sufficient ingenuity for imposition. Such men are mingled by the Enemy of human welfare among those who seek to do good, thus making Truth more difficult of discovery. Believe us, Truth is simple and unconcealed, while falsehood is complex, deeply hidden, proud, and its fictitious worldly knowledge, seemingly a glitter with godly luster, is often mistaken for divine wisdom. You that are wise will turn from these false teachings and come to us, who seek not your money but freely offer you our greater treasure. We desire not your goods, but that you should become partakers of our goods. We do not deride parables, but invite you to understand all parables and all secrets. We do not ask you to receive us, but invite you to come unto our kingly houses and palaces, not because of ourselves but because we are so ordered by the Spirit of God, the desire of our most excellent Father C.R.C., and the need of the present moment, which is very great.

Chapter XIII. Now that we have made our position clear that we sincerely confess Christ; disavow the Papacy; devote our lives to true philosophy and worthy living; and daily invite and admit into our Fraternity the worthy of all nations, who thereafter share with us the Light of God: will you not join yourselves with us to the perfection of yourselves, the development of all the arts, and the service of the world? If you will take this step, the treasures of every part of the earth shall be at one time given unto you, and the darkness which envelopes human knowledge and which results in the vanities of material arts and sciences shall be forever dispelled.

Chapter XIV. Again we warn those who are dazzled by the glitter of gold or those who, now upright, might be turned by great riches to a life of idleness and pomp, not to disturb our sacred silence with their clamorings; for though there be a medicine which will cure all diseases and give unto all men wisdom, yet it is against the will of God that men should attain to understanding by any means other than virtue, labor, and integrity. We are not permitted to manifest ourselves to any man except it be by the will of God. Those who believe that they can partake of our spiritual wealth against the will of God or without His sanction will find that they shall sooner lose their lives in seeking us than attain happiness by finding us.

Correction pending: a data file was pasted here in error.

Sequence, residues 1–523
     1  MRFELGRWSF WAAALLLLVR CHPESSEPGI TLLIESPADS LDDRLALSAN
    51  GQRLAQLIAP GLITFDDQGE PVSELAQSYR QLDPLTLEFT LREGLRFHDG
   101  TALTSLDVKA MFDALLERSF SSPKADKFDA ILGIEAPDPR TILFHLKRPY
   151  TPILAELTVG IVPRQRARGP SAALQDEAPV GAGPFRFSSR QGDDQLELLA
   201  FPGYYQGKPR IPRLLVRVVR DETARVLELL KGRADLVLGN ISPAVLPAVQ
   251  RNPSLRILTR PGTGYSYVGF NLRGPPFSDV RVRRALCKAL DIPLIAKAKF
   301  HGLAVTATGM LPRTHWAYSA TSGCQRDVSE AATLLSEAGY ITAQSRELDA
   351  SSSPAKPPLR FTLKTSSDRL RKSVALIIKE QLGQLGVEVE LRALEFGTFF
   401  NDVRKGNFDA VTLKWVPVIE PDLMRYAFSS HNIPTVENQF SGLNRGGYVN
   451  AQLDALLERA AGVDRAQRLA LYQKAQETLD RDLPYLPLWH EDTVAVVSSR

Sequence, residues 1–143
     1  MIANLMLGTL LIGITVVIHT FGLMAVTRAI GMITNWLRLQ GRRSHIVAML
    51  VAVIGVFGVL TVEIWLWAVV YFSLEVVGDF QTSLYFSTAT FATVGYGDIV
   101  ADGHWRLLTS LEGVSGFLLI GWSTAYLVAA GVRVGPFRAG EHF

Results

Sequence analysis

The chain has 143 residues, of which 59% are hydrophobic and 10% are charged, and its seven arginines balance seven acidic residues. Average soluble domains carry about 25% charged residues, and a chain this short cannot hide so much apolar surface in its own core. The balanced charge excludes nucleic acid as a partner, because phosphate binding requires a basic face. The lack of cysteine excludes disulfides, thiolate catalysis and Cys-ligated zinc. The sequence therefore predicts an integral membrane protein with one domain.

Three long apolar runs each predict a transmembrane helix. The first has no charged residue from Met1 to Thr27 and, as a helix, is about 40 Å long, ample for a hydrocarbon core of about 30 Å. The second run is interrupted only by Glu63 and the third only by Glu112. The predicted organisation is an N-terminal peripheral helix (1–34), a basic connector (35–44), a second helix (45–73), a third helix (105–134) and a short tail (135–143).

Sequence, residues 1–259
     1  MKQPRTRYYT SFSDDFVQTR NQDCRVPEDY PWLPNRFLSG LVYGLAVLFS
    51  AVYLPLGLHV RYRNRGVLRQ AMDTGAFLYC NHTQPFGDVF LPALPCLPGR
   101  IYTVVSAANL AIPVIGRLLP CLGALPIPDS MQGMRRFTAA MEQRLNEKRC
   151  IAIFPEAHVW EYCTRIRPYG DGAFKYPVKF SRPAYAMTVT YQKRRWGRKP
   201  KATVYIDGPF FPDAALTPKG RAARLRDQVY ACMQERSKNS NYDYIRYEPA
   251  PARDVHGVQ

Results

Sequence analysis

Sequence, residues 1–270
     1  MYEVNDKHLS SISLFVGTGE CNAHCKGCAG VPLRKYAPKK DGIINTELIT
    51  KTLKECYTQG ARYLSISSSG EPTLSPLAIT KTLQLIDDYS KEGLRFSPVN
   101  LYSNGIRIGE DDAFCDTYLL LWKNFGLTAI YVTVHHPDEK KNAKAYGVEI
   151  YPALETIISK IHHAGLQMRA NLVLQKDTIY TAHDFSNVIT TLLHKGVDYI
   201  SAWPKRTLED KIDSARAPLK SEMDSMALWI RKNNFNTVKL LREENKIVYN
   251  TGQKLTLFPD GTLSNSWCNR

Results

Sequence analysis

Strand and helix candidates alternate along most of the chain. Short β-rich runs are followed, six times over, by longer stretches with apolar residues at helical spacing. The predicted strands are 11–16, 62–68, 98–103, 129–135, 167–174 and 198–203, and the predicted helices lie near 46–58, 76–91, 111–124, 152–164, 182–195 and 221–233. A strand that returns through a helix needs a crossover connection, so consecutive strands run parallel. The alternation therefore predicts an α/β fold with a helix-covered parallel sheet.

FRATERNITAS R.C. Johann Valentin Andreæ is generally reputed to be the author of the Confessio. It is a much-mooted question, however, whether Andreæ did not permit his name to be used as a pseudonym by Sir Francis Bacon. Apropos of this subject are two extremely significant references occurring in the introduction to that remarkable potpourri, The Anatomy of Melancholy. This volume first appeared in 1621 from the pen of Democritus junior, who was afterwards identified as Robert Burton, who, in turn, was a suspected intimate of Sir Francis Bacon. One reference archly suggests that at the time of publishing The Anatomy of Melancholy in 1621 the founder of the Fraternity of R.C. was still alive. This statement–concealed from general recognition by its textual involvement–has escaped the notice of most students of Rosicrucianism. In the same work there also appears a short footnote of stupendous import. It contains merely the words: “Job. Valent. Andreas, Lord Verulam.” This single line definitely relates Johann Valentin Andreæ to Sir Francis Bacon, who was Lord Verulam, and by its punctuation intimates that they are one and the same individual.

Prominent among Rosicrucian apologists was John Heydon, who inscribes himself “A Servant of God, and a Secretary of Nature.” In his curious work, The Rosie Cross Uncovered, he gives an enigmatic but valuable description of the Fraternity of R.C. in the following language:

“Now there are a kind of men, as they themselves report, named Rosie Crucians, a divine fraternity that inhabit the suburbs of heaven, and these are the officers of the Generalissimo of the world, that are as the eyes and ears of the great King, seeing and hearing all things: they say these Rosie Crucians are seraphically illuminated, as Moses was, according to this order of the elements, earth refin’d to water, water to air, air to fire.” He further declares that these mysterious Brethren possessed polymorphous powers, appearing in any desired form at will. In the preface of the same work, he enumerates the strange powers of the Rosicrucian adepts:

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